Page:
The ideal size at first calving will vary from herd to herd.  The Dairy Calf and Heifer Association recommends heifers calve in at approximately 85% of mature weight.  For a Holstein herd whose average mature cow weighs approximately 1,500 pounds, this is a target of 1,275 pounds.  For a Jersey herd whose average mature cow weighs approximately 1,000 pounds, this is a target of 850 pounds. 

It has been well-established that heifers that are bigger at calving tend to produce more milk during their first lactation.  However, a recent collaborative study between Penn State University and University of Florida showed that although weight at first calving did tend to be related to first lactation milk production, there was no significant difference in cumulative milk production throughout the first and second lactations.  Additionally, heifers who calved in at the heaviest weights lost substantially more weight in the first 30 days in milk and were 50% more likely to be culled relative to their lighter-weight counterparts.  The researchers concluded that the ideal weight at first calving which balances high milk production potential with health and longevity may be closer to 72 to 77% of mature weight.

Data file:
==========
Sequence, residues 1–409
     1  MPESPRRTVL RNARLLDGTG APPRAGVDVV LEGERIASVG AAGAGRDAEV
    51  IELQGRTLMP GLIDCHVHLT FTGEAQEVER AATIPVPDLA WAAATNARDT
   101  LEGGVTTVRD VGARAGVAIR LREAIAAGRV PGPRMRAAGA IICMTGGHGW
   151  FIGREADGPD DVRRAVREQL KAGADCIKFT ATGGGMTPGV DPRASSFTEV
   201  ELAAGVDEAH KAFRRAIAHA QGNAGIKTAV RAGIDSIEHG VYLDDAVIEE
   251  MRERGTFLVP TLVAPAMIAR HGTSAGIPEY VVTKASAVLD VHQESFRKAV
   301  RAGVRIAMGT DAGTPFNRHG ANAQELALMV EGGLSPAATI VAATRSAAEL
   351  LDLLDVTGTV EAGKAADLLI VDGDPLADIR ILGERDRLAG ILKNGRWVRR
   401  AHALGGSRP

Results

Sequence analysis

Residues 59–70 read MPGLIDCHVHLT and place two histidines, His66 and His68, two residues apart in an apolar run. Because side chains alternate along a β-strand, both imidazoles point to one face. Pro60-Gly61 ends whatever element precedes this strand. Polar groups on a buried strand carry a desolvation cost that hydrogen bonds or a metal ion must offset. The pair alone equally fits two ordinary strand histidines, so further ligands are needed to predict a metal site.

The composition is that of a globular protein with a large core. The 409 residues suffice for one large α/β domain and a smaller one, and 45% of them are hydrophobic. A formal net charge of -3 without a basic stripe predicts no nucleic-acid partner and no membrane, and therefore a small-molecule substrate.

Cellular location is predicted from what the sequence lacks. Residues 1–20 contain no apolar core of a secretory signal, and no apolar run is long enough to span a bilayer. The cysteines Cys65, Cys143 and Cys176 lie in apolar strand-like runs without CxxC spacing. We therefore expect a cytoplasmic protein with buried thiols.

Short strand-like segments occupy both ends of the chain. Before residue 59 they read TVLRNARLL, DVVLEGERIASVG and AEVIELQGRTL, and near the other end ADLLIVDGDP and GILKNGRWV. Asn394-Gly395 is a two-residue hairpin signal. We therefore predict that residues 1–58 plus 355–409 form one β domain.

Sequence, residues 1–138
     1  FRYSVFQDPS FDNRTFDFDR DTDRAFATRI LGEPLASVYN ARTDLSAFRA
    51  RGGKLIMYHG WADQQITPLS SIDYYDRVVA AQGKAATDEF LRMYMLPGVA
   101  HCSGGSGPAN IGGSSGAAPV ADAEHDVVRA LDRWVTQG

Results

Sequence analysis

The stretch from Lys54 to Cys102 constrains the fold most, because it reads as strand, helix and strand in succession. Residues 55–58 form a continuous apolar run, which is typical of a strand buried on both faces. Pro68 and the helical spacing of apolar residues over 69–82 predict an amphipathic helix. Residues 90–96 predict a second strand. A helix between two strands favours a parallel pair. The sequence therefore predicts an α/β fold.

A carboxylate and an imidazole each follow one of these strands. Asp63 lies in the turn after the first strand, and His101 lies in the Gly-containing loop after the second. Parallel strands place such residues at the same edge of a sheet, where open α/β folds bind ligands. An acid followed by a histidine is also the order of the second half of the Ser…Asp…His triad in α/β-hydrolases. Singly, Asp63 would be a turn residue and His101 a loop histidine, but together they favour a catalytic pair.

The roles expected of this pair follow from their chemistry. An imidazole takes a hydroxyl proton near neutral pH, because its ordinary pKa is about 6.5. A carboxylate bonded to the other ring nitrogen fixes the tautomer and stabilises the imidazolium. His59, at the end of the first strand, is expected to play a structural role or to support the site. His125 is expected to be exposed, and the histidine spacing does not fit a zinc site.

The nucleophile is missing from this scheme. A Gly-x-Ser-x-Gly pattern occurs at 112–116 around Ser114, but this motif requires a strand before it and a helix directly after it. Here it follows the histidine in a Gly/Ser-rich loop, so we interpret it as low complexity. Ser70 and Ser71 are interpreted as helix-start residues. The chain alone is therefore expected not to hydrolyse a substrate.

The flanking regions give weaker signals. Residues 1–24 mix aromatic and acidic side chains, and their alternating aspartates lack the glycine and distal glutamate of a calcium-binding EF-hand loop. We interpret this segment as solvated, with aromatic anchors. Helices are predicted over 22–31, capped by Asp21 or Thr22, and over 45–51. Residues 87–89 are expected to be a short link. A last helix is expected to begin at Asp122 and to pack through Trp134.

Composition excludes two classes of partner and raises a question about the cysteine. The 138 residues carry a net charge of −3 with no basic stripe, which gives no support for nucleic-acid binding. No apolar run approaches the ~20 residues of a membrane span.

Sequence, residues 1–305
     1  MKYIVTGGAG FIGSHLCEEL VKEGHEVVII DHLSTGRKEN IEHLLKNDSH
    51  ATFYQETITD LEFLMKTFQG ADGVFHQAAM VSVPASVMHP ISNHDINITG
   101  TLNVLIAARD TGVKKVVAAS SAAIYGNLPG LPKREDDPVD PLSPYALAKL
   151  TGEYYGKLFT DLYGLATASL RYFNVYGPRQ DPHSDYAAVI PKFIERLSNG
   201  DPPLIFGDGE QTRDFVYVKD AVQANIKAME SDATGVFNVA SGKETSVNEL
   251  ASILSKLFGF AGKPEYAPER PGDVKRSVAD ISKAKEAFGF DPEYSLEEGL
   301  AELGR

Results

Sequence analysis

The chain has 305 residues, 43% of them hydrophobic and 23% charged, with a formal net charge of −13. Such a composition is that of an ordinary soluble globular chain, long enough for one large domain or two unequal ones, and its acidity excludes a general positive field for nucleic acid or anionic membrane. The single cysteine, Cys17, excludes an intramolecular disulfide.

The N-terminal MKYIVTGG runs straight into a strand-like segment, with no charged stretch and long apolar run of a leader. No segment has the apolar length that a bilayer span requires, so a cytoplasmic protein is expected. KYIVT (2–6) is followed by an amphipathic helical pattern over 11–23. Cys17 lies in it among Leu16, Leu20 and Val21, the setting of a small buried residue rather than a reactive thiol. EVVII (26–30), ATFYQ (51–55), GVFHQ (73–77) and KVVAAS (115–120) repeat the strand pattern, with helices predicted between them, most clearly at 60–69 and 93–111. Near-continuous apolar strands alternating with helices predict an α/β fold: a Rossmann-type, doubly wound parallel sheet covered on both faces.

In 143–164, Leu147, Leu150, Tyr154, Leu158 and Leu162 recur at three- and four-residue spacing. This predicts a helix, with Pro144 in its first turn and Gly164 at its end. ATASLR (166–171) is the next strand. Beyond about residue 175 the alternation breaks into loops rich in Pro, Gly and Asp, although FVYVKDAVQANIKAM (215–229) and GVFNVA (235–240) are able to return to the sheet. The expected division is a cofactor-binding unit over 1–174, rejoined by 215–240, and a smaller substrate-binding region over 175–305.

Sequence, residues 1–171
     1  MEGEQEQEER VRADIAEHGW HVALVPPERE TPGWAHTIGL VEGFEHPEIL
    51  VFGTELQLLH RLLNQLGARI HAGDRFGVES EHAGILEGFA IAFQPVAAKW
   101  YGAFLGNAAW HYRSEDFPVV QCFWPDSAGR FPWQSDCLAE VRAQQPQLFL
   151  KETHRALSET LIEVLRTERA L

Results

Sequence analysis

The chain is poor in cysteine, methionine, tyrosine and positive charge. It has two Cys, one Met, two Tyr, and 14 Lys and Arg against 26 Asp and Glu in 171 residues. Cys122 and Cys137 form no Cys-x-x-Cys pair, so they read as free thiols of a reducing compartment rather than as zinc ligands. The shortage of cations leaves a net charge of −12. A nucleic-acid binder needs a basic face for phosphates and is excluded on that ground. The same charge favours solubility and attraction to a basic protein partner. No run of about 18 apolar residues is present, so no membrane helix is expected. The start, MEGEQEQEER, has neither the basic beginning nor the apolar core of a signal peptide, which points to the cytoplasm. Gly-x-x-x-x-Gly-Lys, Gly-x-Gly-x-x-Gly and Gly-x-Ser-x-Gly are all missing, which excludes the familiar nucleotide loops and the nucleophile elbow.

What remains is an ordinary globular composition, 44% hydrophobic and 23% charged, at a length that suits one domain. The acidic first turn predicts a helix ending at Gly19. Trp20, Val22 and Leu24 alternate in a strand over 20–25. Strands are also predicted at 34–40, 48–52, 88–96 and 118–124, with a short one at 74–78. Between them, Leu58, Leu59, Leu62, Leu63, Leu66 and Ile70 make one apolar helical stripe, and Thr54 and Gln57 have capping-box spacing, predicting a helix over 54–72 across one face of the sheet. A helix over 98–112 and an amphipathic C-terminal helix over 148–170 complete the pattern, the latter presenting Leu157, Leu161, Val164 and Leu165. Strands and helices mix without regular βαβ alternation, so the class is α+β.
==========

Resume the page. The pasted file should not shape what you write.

Size at Breeding

The ideal size at breeding will vary from farm to farm depending on the mature size of the cows.  To ensure that they are physiologically capable of sustaining a healthy pregnancy and rate of growth to achieve an appropriate size at first calving, the Dairy Calf and Heifer Association recommends that heifers be at least 55% of mature weight before they are bred.  For a Holstein herd whose average mature cow weighs approximately 1,500 pounds, this is a target of approximately 825 pounds.  For a Jersey herd whose average mature cow weighs approximately 1,000 pounds, this is a target of approximately 550 pounds.

Setting Yourself up for Success

Below are three steps you can take that will set you up to easily evaluate your program, identify areas of opportunity, and set goals.

  1. Record age at first calving if you aren’t already.  This is a relatively simple metric that can be tremendously useful.  Your desired age at first calving will dictate breeding age.  If you wish to adjust your age at first calving, note your new goal and determine how you will get there.
  2. Record the size of your mature cows which are those that are 3rd lactation or greater.  This is an important metric that will help you estimate appropriate heifer sizes for breeding and calving.  If you do not have access to a scale, a weigh-tape measurement is better than no measurement at all.  Once you know how big your heifers should be at breeding and calving, then you have an idea of the growth rates needed in order to attain the those weights by your desired breeding and calving ages.